Progress By The Numbers

I haven’t been a big fan of using numbers such as body weight and body fat to track progress over the past few years. In fact, I have pretty much avoided weighing myself or taking any kind of measurements for that matter.

It wasn’t until a recent discussion with Paul that I stopped to consider the value there may be in using numbers to chart my progress. After all, why not use every tool that is available to you?

We talked about why I rarely weighed myself. I guess one of the main reasons is because I didn’t want to see a measurement that may have a negative impact on me mentally. If I should see the scale go down, I may perceive this as a loss of muscle which we all know isn’t necessarily true. Either way, I didn’t want to subject myself to a potentially disappointing readout.

The same is true in the other direction. I didn’t want a high number on the scale to be misleading to me. An increase in weight isn’t always good if the largest percent of it is from the addition of unwanted body fat.

I never checked my body fat for similar reasons. I didn’t want to be disappointed by a higher reading than I expected. After all, no news is good news. Right?

That is when Paul explained to me a new and different way to use measurements and how they could work to my advantage. The first step is interpreting the numbers correctly and not getting psyched out by them. After all, your measurements are going to be the same whether you know them or not so you might as well know where you are coming from.

When you take your initial readings, it doesn’t really matter what the absolute numbers are. In other words, your actual weight and body fat readings are not relevant but they will give you a starting frame of reference. If you chart the numbers over a span of time you can use them to watch for trends, either good or bad.

As the weeks go by you will be able to see the progression in comparison to your original measurements and this will give you a more precise indication of your exact progress. If you see your lean body mass increasing and your body fat going down, you know something good is happening and vice versa, regardless of the exact numbers.

You should also be aware that your measurements, especially body fat percentage, may not be 100% accurate depending on the methods you are using to determine it and the conditions under which you are being measured. This is an important factor to keep in mind and another reason why the exact number is not that important.

Let me give you an example. Let’s say your body fat comes out to be 15% but in actuality suppose it is 10%. It doesn’t really matter because the number is only a frame of reference. The important thing is that you recreate the same conditions every time you get measured and use the same methods. This way you can track it and watch the changes over time. If all conditions are constant and your reading is 5% lower, you have obviously lost body fat.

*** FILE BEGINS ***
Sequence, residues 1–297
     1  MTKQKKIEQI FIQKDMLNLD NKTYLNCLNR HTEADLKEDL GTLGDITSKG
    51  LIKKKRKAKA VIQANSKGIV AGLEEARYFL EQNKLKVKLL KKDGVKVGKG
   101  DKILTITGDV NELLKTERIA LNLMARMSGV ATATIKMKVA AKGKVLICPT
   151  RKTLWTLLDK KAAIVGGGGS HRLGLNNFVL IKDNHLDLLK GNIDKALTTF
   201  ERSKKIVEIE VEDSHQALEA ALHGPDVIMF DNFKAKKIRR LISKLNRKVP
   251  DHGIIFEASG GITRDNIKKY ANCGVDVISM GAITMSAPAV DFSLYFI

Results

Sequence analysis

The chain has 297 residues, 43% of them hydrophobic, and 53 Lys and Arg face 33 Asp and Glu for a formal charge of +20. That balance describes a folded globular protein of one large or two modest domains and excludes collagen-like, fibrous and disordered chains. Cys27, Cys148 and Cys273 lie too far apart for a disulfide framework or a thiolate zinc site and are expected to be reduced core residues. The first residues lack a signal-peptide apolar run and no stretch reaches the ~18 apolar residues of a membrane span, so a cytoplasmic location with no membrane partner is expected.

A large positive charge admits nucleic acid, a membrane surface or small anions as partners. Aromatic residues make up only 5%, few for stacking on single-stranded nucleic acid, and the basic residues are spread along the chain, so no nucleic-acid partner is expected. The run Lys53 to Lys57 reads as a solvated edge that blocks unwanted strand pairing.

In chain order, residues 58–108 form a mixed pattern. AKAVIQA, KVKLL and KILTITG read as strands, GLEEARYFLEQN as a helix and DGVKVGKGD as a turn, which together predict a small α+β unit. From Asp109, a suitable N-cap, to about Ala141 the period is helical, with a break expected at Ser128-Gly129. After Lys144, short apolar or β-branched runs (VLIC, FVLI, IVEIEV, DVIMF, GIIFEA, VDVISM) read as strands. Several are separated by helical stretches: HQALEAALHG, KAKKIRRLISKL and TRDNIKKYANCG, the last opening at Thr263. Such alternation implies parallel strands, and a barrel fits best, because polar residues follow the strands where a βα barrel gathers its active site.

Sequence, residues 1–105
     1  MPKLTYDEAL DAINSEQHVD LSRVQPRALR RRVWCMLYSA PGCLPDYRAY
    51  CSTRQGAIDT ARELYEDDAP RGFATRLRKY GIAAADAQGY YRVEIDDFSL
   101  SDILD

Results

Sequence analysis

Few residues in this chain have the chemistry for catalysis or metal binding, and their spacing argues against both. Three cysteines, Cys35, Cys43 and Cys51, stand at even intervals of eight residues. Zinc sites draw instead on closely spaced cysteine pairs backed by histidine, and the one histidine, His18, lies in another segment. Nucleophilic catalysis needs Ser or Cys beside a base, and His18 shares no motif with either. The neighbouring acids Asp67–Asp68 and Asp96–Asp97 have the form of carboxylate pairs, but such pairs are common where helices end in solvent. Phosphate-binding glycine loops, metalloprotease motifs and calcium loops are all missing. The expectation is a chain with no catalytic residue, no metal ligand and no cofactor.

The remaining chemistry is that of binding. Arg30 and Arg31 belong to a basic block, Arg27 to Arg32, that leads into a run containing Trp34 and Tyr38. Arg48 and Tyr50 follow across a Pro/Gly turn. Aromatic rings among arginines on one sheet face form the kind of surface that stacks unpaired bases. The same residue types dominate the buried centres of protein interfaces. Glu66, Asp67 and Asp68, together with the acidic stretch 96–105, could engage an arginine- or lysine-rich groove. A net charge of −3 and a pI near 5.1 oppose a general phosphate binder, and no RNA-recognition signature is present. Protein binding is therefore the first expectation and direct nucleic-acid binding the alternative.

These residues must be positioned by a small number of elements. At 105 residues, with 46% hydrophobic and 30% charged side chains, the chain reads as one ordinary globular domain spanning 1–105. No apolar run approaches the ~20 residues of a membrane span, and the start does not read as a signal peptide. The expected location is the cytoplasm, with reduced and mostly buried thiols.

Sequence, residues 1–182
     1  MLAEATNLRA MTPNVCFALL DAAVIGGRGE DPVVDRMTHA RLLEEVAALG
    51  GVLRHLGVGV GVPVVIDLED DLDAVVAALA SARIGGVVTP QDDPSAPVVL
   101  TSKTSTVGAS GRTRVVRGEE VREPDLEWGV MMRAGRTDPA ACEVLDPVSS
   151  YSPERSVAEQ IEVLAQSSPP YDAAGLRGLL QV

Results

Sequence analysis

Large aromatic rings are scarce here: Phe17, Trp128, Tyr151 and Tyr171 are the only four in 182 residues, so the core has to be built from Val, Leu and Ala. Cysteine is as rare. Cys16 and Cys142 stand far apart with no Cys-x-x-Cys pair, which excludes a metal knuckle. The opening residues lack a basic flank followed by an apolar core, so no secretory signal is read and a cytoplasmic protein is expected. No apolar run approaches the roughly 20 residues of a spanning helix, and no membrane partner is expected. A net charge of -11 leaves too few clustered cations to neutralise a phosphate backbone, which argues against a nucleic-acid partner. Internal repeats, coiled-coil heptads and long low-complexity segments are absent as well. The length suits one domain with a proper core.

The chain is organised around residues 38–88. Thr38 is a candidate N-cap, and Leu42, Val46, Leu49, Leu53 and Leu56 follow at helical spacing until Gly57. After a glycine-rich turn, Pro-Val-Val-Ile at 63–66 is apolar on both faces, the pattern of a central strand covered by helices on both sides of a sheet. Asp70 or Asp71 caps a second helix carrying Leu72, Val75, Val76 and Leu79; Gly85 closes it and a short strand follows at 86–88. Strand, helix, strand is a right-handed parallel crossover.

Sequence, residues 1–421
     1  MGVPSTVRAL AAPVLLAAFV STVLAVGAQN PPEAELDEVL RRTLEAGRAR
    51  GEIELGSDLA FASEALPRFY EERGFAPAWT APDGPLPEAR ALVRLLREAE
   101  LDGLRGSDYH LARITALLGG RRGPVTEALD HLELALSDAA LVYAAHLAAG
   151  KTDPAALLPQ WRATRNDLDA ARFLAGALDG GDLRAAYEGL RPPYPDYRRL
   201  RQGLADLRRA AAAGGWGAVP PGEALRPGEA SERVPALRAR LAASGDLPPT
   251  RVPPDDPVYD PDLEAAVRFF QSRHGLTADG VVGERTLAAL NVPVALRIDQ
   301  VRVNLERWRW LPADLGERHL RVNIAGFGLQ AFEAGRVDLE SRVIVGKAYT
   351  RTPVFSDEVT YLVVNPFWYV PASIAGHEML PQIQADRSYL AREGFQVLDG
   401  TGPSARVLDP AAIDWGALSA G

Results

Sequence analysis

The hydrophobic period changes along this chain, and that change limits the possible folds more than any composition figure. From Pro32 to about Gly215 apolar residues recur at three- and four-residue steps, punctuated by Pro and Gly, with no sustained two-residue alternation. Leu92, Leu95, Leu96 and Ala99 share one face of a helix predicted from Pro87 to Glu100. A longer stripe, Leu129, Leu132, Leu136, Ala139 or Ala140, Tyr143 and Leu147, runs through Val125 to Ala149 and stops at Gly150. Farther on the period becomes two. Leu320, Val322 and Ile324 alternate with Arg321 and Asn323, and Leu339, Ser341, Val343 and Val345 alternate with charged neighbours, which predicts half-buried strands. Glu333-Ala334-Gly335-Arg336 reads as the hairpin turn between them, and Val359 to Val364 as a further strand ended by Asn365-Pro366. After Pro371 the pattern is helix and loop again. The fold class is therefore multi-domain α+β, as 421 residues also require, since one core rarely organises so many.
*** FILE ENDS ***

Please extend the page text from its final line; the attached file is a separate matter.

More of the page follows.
The more I thought about it, the more agreed that charting my weight and body fat for the first time ever would be both useful and interesting. We could use this as another assessment tool to evaluate the successfulness of my contest preparation. This would also be a way to help indicate if I need to make any adjustments to my approach.

So Paul mapped out a protocol for me to use. To keep the conditions as consistent as possible and to make sure my body is in roughly the same hydrated state, he suggested I step on the scale at approximately the same time every day. I would start by weighing myself and taking body fat measurements for three straight days. This would give us an average and an initial point of reference. After that I will weigh myself and check my body fat once a week. I will continue to chart my progress over several weeks and monitor the trends that occur.

The method of measurement we are going to use is a Tanita Body Composition Scale. This is a state of the art scale that gives you a complete body composition analysis in the matter of a few seconds.

The Tanita scale uses bioelectrical impedance to measure body fat. Bioelectrical impedance works by sending an electrical signal through your body and measuring the resistance level of the current. This is based on the fact that lean tissue has high water content and is a good conductor of electricity and fat tissue contains a lower percent of water and is a poor conductor. After the current is passed through and the resistance is measured some important assessments can be made including: total body water, lean body mass, and fat mass.

Bodybuilding contests are won or lost during the weeks and months before the show. When you step on stage you’d better be ready or it is too late. As you prepare you don’t want to leave any stones unturned. Using measurements will help give me a more exact indication of my progress that I can combine with visual assessments. The two methods should work well together to make sure I am on the right on track.


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